Algoma District Masonic Web Site

District Information & Events


District Information

What Is New

Officers & Committees
Meetings, Events and Information
Ch.I.P. Program
Lodge Locations
Past DDGM's
Grand Master Visitations
William Mercer Wilson Medal
Traveling Square
Cornerstone Lodges
Local Links


Local Lodges & Events


Connaught # 511
Fort William # 415
Hornepayne # 636
Kaministiqua # 584
Kenogamisis # 656
Port Arthur # 499
Shuniah # 287
Superior # 672
Terrace Bay # 662
Thunder Bay # 618




Ontario Mason Magazine
District Newsletters
District Association
Protocol & Etiquette
Education Monthly
DDGM Communiques


Masonic Affiliates


Grand Lodge
Lakehead Shrine Club
Scottish Rite
York Rite



Algoma District Travelling Square







A short talk given by W. Bro. B. R. Siegfried derived From a Lecture Given To Him By V.W. Bro. Bob Faithfull




It seems almost absurd to deliver a lecture proposing to give instruction in architecture and the 1iberal arts and sciences.  In this age, when, the operation of free public schools not only provides the fundamentals, but the heights of learning to the inquiring mind.  But we must not lose sight of the fact that the various ceremonies of masonry have a base in the ancient usages of our fraternity, which have been transmitted unaltered to us through the ages.  These teachings have a foundation in operative masonry, and while our work is only in the speculative art, we may learn invaluable lessons from our ancient brethren who truly worked in stone.


The rise of the art of operative masonry was simultaneous with the birth of society.  The desire to provide shelter, to honour a deity, and to leave for posterity, in enduring stone, a record of the achievements of the day, have cal1ed forth the utmost exert ions and ski1ls in all ages.  Our ancient brethren were touched by this cal1 and have left for us lasting monuments for our instruction, and indeed our admiration.  These monuments form an unbroken chain connecting us to the birth of our fraternity and the very foundation of society.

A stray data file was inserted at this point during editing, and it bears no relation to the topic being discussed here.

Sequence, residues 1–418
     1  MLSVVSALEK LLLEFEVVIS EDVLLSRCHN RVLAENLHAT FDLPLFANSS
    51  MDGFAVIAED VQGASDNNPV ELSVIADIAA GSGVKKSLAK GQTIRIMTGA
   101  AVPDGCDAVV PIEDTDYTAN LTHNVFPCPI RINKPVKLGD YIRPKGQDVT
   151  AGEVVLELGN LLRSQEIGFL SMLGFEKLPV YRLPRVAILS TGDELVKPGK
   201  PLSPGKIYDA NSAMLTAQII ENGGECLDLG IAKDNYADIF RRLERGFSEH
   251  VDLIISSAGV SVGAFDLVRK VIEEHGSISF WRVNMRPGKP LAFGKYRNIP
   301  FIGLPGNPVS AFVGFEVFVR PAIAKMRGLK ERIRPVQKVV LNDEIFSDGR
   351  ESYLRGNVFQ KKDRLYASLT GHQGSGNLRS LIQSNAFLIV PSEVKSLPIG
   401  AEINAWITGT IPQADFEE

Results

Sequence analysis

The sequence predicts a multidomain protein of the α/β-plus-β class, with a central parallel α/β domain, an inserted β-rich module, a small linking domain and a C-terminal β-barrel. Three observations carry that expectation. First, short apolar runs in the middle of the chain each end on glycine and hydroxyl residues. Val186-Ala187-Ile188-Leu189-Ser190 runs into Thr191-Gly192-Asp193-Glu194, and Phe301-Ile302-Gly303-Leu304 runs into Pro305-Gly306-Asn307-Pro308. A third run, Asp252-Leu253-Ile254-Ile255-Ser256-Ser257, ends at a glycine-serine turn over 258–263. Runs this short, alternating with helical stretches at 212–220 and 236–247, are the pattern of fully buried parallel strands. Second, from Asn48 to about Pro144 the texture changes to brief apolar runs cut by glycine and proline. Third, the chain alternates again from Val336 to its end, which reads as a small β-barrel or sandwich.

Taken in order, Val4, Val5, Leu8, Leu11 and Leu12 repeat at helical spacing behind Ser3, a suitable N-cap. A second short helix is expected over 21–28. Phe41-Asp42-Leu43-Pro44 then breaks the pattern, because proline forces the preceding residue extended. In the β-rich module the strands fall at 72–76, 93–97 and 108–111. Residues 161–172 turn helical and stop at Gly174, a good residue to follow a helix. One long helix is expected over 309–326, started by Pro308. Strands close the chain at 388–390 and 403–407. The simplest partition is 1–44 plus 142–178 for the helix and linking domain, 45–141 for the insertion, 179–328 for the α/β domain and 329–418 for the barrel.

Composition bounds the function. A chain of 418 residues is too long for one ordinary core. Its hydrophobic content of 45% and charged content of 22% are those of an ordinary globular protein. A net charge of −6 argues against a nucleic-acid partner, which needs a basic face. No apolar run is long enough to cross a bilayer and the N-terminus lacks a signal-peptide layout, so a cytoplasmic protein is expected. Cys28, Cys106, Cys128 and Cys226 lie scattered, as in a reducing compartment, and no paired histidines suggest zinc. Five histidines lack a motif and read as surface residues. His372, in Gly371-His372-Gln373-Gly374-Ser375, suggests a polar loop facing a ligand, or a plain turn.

Many of the great works of the past lie in open sp1endor for our inspection, others exist in b1acken and crumpled ruins, some lie buried under the debris of centuries, while of still others, not two stones lie upon each other to mark their site.


The pyramids of Egypt stand today as testaments to the skill, knowledge, and profound symbolism of their builders.  The temple of King Solomon, so magnificently erected to the honour of God by our lost master Hiram Abiff, remains today but a few fragments of walls and aqueducts.  The sea walls and palaces constructed by Hiram, King of Tyre, have long lain under the ruins of later bui1ders, and of the wondrous temp1e of Diana, on1y 1egend remains.